Robert Clark Jr. is a junior in psychology and political science.

 

Keep Kim on his heels

Marcus Clem

More than anyplace else in the world, the Democratic People’s Republic of Korea, known more commonly as North Korea, represents a sick combination.
That is one of irresponsibility, disregard for the welfare of its people and for its neighbors, instinctive aggression, recklessness, abuse of international law and the laws of human decency.
The Republic of Korea, or South Korea, is one of civilization’s most successful societies.
The people there get on with their prosperous daily lives despite a regime that threatens to kill them all with a predictable pattern of aggression and relaxation that, in a certain light, is almost humorous.
It’s been this way ever since the end of hostilities in 1952.
Today, perhaps more than at any other time since then, a crisis exists on the Korean peninsula.
That crisis is entirely of North Korea’s making.
Some would argue that the easiest solution to this is to simply pretend like North Korea doesn’t exist. The state is inherently unstable, and will eventually collapse or burn itself out, and meanwhile, there’s nothing to be done, they say.
Unfortunately, the North’s behavior has already produced bodies in the last five years, and the United States has an unavoidable responsibility to protect freedom and security in the region that extends beyond any such calculation.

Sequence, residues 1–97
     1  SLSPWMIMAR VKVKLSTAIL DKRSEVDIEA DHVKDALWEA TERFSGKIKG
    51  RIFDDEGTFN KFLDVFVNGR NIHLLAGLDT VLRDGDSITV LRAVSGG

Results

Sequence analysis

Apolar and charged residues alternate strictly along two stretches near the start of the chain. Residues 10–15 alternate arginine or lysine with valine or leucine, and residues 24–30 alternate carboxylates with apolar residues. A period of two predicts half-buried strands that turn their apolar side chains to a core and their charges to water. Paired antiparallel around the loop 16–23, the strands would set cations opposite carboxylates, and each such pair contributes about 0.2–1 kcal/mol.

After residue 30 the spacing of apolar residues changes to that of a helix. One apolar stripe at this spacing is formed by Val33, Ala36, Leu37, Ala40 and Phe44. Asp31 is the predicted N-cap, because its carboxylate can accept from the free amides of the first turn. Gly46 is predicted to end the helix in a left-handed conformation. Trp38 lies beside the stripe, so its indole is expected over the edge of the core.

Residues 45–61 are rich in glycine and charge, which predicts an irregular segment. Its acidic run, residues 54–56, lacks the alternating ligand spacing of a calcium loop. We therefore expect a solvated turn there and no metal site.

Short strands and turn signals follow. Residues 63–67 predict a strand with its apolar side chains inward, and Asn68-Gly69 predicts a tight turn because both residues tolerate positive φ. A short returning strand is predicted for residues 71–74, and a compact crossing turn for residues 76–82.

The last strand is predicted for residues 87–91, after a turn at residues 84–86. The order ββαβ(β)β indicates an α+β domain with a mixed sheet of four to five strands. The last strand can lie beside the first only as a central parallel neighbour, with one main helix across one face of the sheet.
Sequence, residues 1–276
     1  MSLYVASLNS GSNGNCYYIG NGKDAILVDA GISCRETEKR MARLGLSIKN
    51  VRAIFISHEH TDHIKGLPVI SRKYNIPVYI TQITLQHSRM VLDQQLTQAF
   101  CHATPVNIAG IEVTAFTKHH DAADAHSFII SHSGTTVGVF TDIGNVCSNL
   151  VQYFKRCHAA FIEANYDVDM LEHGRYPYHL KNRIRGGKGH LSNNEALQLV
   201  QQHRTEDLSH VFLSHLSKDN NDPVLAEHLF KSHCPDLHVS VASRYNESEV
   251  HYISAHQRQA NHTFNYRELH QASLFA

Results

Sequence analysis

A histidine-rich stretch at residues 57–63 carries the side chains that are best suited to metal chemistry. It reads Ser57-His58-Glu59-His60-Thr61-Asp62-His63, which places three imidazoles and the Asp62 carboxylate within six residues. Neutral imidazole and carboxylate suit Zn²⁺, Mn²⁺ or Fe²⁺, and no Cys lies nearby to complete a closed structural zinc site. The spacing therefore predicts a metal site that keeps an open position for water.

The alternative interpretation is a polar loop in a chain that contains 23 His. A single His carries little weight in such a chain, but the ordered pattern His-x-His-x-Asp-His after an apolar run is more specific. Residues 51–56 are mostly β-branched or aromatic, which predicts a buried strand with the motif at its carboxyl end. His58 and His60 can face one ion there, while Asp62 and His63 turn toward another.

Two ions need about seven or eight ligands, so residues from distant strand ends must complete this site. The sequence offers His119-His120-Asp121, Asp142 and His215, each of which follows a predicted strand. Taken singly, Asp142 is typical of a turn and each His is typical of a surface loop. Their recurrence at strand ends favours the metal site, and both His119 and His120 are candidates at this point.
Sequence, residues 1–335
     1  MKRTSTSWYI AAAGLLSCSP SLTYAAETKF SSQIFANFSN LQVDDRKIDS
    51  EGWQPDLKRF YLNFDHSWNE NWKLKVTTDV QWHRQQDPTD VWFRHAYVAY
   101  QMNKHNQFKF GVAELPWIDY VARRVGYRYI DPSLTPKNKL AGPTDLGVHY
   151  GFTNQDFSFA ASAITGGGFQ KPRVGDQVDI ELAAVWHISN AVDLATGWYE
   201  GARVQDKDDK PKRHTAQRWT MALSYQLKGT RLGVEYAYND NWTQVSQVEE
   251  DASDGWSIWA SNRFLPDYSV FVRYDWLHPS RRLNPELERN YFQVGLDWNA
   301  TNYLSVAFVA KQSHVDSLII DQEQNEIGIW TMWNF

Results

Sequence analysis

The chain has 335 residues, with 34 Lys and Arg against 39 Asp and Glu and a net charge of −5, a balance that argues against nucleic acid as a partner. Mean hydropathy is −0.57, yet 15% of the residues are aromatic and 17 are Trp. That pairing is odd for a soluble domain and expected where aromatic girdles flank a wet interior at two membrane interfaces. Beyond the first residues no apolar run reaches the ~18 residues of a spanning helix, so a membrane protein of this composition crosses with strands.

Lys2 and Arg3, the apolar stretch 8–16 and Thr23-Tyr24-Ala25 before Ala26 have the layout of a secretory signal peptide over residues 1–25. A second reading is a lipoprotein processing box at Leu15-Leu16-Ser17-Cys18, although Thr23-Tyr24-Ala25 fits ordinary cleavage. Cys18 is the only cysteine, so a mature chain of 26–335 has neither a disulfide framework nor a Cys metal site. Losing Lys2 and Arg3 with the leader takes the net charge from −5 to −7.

Disregarding “Dear Leader” Kim Jong-Un, whose qualifications for governing stem from only 29 years of a life where just about everyone he has associated with regards him as the descendant of a god, is a dangerous thing to do.
Almost without interruption, for the last month, Kim’s government has poured on insulting invective that the rest of the world should be accustomed to, but not on this level or with this feverish pace.
Credible analysis of the situation indicates that with this course of action, Kim has intended to solidify his position as a leader and show that he can stand up to the west.
However, Kim has erred. He does not have the sense that his father did of knowing when the rhetoric and provocations have gone too far.
The U.S. government has begun to respond on a tit-for-tat basis that, in North Korean eyes, requires additional escalation.